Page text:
The Top 10 Online Privacy Threats

The Internet and other digital media have transformed global communications, commerce and communities. We have always-on, always-everywhere connectivity via computers, cell phones and other devices. But concerns over how accountable and responsive this new media society will be to its ‘netizens’ are constantly being raised. We take a look at ten of the hot issues in online privacy today and give you some tools to protect your privacy.

Behavioral targeting

Security cameraLearning about your purchase patterns and activities on the Web is essentially what behavioral marketing is about. Your Internet service provider (ISP) has access to where you go online and combined with third party cookies gathering information about your behavior, marketers have effective means to serve you targeted advertisements. According to a study commissioned by consumer privacy organization TRUSTe, 71 percent of online consumers are aware that their browsing information may be collected by a third party for advertising purposes, but 57 percent are not comfortable with advertisers using browsing history to serve ads.

Bottom line: Whether real or imaginary, the loss of privacy disturbs people. If the advertising industry would give its customers choice, control and transparency into its tracking and profiling practices they would go a long way in gaining consumer trust.

Privacy Tool: Targeted Advertising Cookie Opt-Out sets permanent opt-out cookies to stop behavioral advertising by 40 different advertising networks.

UPDATE: July 8, 2009

A group of media and marketing trade associations, including the American Association of Advertising Agencies (AAAA) and the Direct Marketing Association (DMA), has released self-regulatory principles to protect consumer privacy in ad-supported online media.  This will require advertisers to clearly inform consumers about data collection and use practices associated with online behavioral advertising and allow them to control that information. Read about it here.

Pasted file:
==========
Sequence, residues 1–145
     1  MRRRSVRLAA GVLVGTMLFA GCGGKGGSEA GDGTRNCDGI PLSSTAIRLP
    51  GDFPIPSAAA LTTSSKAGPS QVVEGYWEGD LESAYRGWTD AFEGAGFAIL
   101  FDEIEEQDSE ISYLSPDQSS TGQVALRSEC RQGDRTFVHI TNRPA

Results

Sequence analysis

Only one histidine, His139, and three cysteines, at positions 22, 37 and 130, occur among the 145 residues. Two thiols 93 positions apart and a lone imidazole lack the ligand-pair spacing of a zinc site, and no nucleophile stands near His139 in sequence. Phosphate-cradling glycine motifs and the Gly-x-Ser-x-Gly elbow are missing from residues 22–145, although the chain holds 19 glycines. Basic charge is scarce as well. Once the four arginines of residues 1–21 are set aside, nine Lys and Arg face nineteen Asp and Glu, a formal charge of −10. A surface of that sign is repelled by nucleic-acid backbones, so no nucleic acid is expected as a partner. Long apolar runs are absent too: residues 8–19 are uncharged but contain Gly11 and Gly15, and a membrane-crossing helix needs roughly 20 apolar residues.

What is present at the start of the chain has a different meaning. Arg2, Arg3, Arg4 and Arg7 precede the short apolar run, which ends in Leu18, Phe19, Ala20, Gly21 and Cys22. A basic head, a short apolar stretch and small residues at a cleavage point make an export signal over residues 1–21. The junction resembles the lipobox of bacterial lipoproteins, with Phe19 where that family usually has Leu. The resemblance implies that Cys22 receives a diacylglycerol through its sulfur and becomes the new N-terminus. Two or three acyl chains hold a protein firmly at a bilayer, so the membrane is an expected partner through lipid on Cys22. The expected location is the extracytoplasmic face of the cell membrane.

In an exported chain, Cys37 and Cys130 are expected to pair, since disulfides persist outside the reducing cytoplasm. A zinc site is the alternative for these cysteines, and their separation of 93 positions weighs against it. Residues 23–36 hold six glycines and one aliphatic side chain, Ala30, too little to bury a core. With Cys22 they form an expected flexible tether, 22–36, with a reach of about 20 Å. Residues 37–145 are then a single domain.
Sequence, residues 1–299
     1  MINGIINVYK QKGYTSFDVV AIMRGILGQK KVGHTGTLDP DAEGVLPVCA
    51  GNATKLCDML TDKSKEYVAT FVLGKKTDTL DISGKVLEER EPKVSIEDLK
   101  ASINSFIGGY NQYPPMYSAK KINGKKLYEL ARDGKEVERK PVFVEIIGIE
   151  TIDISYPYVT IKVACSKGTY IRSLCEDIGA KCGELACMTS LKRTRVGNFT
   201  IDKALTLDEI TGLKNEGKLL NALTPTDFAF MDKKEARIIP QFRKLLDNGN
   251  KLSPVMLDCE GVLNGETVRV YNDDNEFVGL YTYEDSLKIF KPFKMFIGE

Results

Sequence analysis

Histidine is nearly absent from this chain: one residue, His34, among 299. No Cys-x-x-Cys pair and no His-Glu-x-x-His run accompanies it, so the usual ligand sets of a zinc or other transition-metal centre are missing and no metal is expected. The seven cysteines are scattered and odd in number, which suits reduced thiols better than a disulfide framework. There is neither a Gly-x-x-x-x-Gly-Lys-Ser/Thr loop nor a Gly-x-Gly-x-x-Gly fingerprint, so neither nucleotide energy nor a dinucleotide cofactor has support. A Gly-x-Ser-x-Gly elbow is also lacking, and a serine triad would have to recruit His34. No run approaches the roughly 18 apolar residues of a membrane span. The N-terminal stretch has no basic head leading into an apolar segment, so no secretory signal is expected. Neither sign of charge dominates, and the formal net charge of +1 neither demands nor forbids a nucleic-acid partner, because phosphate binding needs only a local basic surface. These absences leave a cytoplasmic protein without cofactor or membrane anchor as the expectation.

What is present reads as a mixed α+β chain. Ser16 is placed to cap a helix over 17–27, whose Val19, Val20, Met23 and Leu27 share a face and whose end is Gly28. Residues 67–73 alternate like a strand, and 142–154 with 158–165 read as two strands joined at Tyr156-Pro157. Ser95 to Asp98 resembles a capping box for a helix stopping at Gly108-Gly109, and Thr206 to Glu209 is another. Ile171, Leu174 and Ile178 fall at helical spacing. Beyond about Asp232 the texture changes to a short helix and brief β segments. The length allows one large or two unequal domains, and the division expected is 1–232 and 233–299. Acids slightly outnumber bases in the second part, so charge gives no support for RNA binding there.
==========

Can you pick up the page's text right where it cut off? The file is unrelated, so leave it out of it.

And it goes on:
Cloud computing

Cloud computing refers to the concept of huge data centers operating in a networked infrastructure collectively known as “the cloud.” In other words, stuff is stored on someone else’s server accessed via the Internet. When you store your data with programs hosted on someone else’s hardware, for instance your email and calendar on Gmail; your photos on Flickr; your online computer backup on Mozy; your health records on Microsoft’s HealthVault, the responsibility for protecting that information from hackers and internal data breaches falls into the hands of the hosting company rather than the individual user.

Bottom line: Many people think that their personal data is more secure under their own control.

Privacy Tool: Use services that are established and trustworthy, and reconsider storing any sensitive data in the cloud.

Cookies

Cookies are online files that can be used for authenticating, session tracking and to set your preferences or shopping cart contents. For example, the information in a cookie might be a login ID for your online email account so you don’t have to login to each page. Some cookies are temporary and some may stay on the hard drive and be used when visiting the site again. What people object to are third party cookies used to gather consumer behavior for marketing analysis. The purpose is to profile users as they move around on various sites and deliver precise, personalized advertising as they surf the Internet. Even if anonymous, these profiles have been the subject of privacy concerns.

Bottom line: Privacy advocates suggest that consumers be alerted to how they are profiled and targeted with a full and fair description of all marketing practices, so they can control what their consumer experience will be. Browsers such as Mozilla Firefox, Internet Explorer and Opera block third party cookies if requested by the user.